Central bank adamant on credit growth cap

10:08 | 28/08/2018

Local credit institutions might struggle more in the second half of the year, with some even having to downsize full-year profit targets, as they are approaching the credit growth limit and the central bank refuses to allow more leeway to maintain macroeconomic stability.

central bank adamant on credit growth cap
TPBank currently takes the lead in credit growth

The State Bank of Vietnam (SBV) has capped local banks’ credit growth at 14 per cent for 2018, while setting a 17 per cent common growth target for the banking system.

The latest figures from the end of June, however, show that many banks are already approaching the credit growth cap. Several banks have even surpassed their full-year bounds.

Particularly, 23 banks that have thus far published financial statements for the first half reported a combined lending revenue of VND4.67 quadrillion ($206.6 billion) by the end of June 2018.

The latest figures from the end of June, however, show that many banks are already approaching the credit growth cap. Several banks have even surpassed their full-year bounds.

Eleven of these banks saw lending volume surpass 10 per cent during the period, four banks reported growth below 5 per cent, and two banks—Eximbank and PG Bank—saw negative lending revenue growth.

Privately-held TPBank took the lead with a credit growth rate surpassing 16 per cent in the first half of this year to reach VND72.9 trillion ($3.2 billion), while LienVietPostBank saw a 13 per cent hike, against the 14 per cent full-year growth target set earlier this year.

The pace of growth at a raft of banks, such as Kienlongbank and Vietcombank, was in the range of 9-12 per cent.

Banks have, therefore, been petitioning SBV for additional space for credit growth—similar to last year—but unlike then, their proposals were not accepted.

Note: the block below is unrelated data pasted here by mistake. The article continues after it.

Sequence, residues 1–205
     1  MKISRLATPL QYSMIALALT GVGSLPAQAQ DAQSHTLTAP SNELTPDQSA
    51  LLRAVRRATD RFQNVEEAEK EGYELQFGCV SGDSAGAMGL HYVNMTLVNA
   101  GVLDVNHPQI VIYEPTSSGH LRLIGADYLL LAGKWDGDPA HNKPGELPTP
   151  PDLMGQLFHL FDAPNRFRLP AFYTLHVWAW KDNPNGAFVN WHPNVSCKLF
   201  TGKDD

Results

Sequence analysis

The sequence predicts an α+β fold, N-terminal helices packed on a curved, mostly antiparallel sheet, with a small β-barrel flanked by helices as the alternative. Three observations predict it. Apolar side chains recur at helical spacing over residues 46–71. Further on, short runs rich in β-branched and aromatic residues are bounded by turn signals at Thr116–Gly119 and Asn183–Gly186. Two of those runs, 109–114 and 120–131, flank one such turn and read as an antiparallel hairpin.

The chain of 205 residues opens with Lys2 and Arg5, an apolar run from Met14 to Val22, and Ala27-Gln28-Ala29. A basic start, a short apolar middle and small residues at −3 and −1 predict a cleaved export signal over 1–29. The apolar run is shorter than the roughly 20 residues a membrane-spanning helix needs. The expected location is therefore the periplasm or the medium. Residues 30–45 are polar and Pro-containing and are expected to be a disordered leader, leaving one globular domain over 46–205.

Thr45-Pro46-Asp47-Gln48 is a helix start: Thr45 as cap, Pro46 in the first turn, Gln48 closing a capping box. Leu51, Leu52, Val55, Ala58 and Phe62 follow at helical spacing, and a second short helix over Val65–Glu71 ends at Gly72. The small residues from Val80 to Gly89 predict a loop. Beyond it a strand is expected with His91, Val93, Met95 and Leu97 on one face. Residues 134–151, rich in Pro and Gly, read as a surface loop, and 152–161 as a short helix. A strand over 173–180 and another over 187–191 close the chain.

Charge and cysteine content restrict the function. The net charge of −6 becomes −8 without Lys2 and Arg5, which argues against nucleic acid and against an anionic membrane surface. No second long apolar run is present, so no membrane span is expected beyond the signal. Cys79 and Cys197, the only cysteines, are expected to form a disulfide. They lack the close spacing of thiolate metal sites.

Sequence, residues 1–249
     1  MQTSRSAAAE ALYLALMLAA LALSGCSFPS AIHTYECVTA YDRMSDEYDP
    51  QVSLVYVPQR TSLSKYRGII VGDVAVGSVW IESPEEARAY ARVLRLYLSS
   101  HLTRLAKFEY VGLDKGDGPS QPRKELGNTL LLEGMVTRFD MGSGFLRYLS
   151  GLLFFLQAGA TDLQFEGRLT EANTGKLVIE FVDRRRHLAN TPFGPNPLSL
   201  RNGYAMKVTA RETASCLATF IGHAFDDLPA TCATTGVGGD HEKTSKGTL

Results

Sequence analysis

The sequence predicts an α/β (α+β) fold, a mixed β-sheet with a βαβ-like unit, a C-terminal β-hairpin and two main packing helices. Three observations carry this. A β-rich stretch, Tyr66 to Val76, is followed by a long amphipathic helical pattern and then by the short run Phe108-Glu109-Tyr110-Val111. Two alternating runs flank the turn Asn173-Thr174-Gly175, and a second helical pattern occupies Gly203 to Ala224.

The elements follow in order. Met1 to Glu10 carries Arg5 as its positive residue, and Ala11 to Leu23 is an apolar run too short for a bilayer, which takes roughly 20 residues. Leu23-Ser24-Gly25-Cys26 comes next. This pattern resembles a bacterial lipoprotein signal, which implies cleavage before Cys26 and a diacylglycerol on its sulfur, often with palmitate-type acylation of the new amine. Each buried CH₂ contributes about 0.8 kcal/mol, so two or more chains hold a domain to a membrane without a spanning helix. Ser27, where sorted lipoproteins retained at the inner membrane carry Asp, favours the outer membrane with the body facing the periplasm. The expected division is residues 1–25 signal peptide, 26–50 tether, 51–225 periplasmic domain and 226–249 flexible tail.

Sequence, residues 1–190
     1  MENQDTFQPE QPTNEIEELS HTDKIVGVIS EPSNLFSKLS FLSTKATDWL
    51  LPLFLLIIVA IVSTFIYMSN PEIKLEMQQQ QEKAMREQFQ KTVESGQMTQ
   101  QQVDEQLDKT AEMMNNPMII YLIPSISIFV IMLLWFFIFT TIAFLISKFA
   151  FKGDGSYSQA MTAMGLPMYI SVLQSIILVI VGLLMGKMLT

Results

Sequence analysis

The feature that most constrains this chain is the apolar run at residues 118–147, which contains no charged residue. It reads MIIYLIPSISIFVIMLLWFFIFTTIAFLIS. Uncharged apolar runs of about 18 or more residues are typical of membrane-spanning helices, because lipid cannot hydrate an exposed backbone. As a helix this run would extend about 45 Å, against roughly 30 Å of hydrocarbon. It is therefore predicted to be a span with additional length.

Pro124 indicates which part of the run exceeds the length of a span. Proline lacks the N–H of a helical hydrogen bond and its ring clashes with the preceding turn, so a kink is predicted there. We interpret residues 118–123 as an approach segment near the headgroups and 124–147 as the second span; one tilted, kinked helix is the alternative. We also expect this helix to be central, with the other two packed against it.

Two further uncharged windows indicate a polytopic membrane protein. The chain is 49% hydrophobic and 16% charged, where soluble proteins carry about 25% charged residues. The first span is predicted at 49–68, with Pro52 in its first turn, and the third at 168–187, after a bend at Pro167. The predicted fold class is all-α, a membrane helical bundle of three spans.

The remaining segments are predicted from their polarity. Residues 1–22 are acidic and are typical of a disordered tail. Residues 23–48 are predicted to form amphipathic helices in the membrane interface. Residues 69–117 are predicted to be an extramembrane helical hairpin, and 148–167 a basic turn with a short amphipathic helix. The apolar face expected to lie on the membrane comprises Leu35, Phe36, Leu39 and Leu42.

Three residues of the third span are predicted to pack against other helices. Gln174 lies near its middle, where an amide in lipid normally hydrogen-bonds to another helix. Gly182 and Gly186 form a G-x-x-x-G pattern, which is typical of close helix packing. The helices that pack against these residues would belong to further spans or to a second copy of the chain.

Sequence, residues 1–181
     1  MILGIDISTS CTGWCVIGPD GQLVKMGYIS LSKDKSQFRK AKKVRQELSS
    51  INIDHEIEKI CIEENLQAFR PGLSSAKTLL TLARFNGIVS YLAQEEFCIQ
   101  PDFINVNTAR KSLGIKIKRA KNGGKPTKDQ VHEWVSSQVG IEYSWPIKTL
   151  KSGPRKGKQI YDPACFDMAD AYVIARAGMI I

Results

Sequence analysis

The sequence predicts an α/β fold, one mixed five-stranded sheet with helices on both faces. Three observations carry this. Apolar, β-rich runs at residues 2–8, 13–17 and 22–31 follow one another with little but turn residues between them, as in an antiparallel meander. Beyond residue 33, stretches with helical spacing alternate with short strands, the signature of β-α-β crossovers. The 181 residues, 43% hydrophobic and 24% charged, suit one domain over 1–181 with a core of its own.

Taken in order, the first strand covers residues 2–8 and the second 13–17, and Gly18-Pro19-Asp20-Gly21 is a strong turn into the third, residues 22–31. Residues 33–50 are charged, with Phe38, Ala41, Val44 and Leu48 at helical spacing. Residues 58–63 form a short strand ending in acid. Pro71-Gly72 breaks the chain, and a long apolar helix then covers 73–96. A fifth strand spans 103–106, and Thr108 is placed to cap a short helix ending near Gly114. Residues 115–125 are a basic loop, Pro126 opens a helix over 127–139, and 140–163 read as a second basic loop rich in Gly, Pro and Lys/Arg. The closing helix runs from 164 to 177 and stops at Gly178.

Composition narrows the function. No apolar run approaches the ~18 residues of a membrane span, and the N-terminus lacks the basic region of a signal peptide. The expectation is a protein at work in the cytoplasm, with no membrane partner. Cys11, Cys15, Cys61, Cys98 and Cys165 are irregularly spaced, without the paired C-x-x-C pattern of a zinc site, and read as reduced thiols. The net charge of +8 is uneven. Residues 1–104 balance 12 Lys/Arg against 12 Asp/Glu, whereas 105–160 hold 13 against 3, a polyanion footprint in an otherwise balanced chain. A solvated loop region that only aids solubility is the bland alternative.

This is because amidst the current mounting inflationary pressure, keeping inflation under control has become the government’s number one target.

SBV statistics show that first-half credit expansion in the banking sector was the lowest in the past three years at 7.88 per cent against 8.21 per cent and 9.06 per cent in the same periods of 2016 and 2017, respectively.

This outcome fairly fits SBV’s targets set earlier this year, gunning for a 17 per cent overall credit growth in the sector for whole year, signifying a more restricted pace than last year’s 18.2 per cent.

The central bank has been sending instructions reminding banks to keep tabs on the quality of credit growth, primarily via Dispatch 5321/NHNN-TTGSNH in mid-July 2018 and more recently via Directive 04/CT-NHNN on not adjusting credit growth targets, except in the special cases involving the restructuring efforts of underperforming banks.

This refusal to loosen credit growth targets has forced several banks to revise business targets.

For instance, LienVietPostBank has scaled down its full-year pre-tax profit target by 33 per cent, from VND1.8 trillion ($79.6 million) to VND1.2 trillion ($53.09 million), and its minimum payout ratio from 12 to 10 per cent.

The bank’s chairman Nguyen Dinh Thang stated that the move came on account of two factors: the central bank did not accept revising the credit growth cap and network expansion has driven up operating costs.

Last year, LienVietPostBank saw a 20 per cent jump in lending volume and has set its 2018 business targets based on this growth level. SBV’s decision not to loosen the credit growth cap has forced the bank to revise its respective business indices.

Banking expert Can Van Luc assumed that it is necessary for SBV to exert strict control over the quality of banks’ credit growth in the face of soaring exchange rates and inflationary pressures. He added that many banks might find it tougher to do business in this year’s second half with modest room for credit growth, especially at around the end of the year when firms’ capital demand usually spikes.

Van Linh

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